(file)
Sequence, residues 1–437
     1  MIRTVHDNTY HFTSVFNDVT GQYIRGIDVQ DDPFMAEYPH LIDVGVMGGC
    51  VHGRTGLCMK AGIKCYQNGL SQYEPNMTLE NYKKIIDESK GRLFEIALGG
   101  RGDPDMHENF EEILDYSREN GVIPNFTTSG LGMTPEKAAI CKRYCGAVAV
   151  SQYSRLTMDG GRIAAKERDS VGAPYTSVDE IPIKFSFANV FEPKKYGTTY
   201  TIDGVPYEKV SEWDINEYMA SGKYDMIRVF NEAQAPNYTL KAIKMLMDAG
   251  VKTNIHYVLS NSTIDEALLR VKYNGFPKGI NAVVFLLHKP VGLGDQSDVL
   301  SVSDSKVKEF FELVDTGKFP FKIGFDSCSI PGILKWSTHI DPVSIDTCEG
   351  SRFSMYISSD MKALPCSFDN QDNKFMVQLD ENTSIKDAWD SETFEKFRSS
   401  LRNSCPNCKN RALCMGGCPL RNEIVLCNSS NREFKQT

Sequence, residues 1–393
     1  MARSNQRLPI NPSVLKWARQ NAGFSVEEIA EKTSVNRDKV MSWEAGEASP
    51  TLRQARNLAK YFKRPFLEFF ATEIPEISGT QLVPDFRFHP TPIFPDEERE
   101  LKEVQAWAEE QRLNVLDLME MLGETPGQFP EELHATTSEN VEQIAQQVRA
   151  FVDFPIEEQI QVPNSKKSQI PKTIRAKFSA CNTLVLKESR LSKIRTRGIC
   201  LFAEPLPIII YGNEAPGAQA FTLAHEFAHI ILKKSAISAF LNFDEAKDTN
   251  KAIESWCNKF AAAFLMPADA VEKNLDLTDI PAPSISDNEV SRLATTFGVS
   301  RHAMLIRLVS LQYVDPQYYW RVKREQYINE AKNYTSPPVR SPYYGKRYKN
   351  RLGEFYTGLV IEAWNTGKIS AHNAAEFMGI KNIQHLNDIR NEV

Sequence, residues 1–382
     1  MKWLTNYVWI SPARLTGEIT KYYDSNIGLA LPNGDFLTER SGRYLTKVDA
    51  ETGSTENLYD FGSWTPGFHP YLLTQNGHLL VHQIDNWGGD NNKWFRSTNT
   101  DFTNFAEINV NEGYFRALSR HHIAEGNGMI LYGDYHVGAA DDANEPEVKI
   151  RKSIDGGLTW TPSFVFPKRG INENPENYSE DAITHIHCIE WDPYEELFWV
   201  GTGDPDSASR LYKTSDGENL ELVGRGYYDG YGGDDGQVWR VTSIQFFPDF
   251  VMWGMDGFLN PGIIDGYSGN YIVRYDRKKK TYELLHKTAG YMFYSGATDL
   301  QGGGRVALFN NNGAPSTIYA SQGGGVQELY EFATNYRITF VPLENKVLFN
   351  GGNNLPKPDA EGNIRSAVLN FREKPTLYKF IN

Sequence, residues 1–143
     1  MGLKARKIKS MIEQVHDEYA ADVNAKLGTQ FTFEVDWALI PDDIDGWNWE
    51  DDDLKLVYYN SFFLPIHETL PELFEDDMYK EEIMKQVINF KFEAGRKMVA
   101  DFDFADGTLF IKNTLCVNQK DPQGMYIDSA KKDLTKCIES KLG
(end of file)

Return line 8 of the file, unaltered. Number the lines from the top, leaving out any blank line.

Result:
   301  SVSDSKVKEF FELVDTGKFP FKIGFDSCSI PGILKWSTHI DPVSIDTCEG